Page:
Quigley, Durbin introduce Urban Flooding Awareness Act
U.S. Rep. Mike Quigley (D-IL) and Sen. Dick Durbin (D- IL) recently introduced a new bicameral Urban Flooding Awareness Act to seek solutions for urban areas that have been most affected by the increased flooding.
“Flooding is not just a coastal issue,” Quickly said. “In recent years, cities like Chicago have experienced unprecedented flooding events. While emergency programs provide relief for families and businesses in traditional flood areas, those same solutions aren’t available to residents and business owners in urban spaces. Floods have forced Chicago businesses to close, cost families their homes, and led to devastating damage throughout our community. Deny it or not, climate change is here and Chicagoans are experiencing it in the form of extreme flooding. Senator Durbin and I are calling on FEMA and other agencies to address urban flooding and to bring much needed relief to cities like Chicago.”
Durbin said major flooding two years ago forced widespread evacuations in Cook County and caused millions of dollars in damages throughout Northeastern Illinois.
"Just last week, heavy flooding took the lives of at least 27 people in Houston, Texas," he said. "Although urban flooding events are growing in frequency and severity, we still don't have the data we need to prepare for the kind of weather that can put our streets, businesses, and homes underwater."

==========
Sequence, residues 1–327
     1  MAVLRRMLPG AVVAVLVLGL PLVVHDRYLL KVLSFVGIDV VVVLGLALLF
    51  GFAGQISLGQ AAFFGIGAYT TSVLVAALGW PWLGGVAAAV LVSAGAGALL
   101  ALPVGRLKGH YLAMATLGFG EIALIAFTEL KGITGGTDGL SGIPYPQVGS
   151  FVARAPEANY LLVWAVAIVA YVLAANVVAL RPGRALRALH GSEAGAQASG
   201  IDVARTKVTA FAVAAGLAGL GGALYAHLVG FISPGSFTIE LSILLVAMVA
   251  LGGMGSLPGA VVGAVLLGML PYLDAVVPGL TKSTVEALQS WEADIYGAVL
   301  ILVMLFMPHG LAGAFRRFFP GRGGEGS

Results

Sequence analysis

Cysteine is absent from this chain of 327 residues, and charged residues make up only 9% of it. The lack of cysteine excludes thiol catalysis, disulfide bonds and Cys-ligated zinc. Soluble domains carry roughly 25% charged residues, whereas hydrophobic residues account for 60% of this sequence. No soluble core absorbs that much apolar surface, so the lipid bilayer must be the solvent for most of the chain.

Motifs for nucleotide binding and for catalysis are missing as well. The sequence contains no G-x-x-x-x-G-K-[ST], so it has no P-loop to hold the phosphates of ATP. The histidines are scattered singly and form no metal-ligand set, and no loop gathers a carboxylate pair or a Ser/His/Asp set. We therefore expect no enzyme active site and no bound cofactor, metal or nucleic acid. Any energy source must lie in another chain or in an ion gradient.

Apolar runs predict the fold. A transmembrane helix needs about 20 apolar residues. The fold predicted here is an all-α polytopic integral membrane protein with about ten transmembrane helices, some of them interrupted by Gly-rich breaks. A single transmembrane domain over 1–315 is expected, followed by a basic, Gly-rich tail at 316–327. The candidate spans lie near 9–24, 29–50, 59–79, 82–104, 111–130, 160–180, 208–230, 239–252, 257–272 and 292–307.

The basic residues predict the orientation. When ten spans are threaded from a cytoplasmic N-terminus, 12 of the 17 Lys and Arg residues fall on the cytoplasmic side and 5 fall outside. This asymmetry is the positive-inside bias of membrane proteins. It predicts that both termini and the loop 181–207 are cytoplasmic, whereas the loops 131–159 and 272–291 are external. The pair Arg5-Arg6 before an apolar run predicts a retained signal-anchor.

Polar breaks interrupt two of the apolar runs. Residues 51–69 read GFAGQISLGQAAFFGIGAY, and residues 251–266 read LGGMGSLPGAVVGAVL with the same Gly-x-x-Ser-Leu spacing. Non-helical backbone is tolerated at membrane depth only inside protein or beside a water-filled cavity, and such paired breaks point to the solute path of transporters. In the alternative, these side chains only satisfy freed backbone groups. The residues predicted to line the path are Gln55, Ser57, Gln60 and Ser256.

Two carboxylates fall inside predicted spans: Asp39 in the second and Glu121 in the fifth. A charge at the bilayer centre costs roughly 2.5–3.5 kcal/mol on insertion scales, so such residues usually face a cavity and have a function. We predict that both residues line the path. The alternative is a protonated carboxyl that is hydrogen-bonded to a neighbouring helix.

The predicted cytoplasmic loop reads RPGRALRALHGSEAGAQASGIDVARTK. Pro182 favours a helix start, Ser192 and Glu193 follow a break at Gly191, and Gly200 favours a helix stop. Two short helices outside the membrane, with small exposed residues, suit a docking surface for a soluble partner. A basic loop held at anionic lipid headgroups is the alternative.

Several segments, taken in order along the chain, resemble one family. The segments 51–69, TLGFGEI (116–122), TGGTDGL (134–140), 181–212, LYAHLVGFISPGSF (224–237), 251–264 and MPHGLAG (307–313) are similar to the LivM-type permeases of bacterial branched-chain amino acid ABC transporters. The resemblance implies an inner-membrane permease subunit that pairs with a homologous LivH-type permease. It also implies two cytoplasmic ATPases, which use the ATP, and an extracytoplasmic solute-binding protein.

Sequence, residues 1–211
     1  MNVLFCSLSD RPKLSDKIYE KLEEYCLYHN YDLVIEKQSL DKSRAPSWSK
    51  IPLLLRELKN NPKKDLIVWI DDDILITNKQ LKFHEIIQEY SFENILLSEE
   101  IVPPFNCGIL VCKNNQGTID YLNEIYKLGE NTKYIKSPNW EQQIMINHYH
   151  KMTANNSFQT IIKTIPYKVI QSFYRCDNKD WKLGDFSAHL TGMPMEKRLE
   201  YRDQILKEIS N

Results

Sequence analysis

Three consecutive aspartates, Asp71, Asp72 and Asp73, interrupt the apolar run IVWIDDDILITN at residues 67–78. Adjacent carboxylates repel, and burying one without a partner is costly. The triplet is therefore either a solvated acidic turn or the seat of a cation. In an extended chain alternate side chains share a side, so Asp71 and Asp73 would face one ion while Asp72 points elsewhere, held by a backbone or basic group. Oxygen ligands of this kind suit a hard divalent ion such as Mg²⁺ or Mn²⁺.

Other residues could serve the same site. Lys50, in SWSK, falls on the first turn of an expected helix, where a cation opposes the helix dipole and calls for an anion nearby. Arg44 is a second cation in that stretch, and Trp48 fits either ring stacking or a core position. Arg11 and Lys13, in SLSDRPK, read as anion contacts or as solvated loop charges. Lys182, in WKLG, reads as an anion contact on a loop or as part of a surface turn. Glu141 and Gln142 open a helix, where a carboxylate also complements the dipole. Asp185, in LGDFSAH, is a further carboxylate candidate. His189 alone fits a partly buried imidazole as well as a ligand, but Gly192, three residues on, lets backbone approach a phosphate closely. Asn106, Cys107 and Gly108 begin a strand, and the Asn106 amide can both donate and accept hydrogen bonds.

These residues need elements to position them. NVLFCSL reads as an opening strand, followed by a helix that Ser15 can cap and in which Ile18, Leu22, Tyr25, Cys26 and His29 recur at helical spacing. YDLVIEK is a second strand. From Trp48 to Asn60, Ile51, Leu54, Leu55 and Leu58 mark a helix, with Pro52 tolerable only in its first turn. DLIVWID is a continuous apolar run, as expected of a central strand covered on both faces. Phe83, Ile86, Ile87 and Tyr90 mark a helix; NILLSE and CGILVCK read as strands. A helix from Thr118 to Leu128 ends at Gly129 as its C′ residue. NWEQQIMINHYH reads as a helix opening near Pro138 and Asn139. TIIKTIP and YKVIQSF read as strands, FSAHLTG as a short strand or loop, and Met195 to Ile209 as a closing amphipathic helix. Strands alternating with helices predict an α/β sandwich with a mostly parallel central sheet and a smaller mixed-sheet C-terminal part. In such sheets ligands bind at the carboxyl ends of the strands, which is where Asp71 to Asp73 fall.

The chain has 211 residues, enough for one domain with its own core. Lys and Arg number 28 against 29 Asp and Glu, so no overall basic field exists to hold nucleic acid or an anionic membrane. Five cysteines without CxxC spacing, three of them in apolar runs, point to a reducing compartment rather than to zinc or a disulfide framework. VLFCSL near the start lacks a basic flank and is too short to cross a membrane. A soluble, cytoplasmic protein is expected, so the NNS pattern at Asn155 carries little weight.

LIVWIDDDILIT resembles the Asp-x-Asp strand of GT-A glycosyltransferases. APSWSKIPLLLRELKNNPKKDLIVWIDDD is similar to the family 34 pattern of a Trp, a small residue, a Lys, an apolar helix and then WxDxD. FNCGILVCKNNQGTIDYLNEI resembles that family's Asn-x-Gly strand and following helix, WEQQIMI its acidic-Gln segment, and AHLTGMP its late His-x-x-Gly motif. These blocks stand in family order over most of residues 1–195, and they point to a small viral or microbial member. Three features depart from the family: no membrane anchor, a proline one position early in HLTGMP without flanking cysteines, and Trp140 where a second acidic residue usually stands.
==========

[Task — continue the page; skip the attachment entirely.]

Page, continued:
Kathy Tholin, CEO of the Center for Neighborhood Technology, a Chicago-based sustainability nonprofit that led efforts to pass similar legislation in Illinois, said the way cities have been built makes them vulnerable to flooding because absorbent dirt and plants are paved over.
“Our research has shown that flooding isn’t limited to floodplains," she said. "Consequences can be severe in sprawling, paved cities, just as we have seen recently in Houston. There are cost-effective strategies and practices, known as green infrastructure, which, along with our existing storm water sewer systems, can help alleviate this problem if our federal and state programs incorporate them.”
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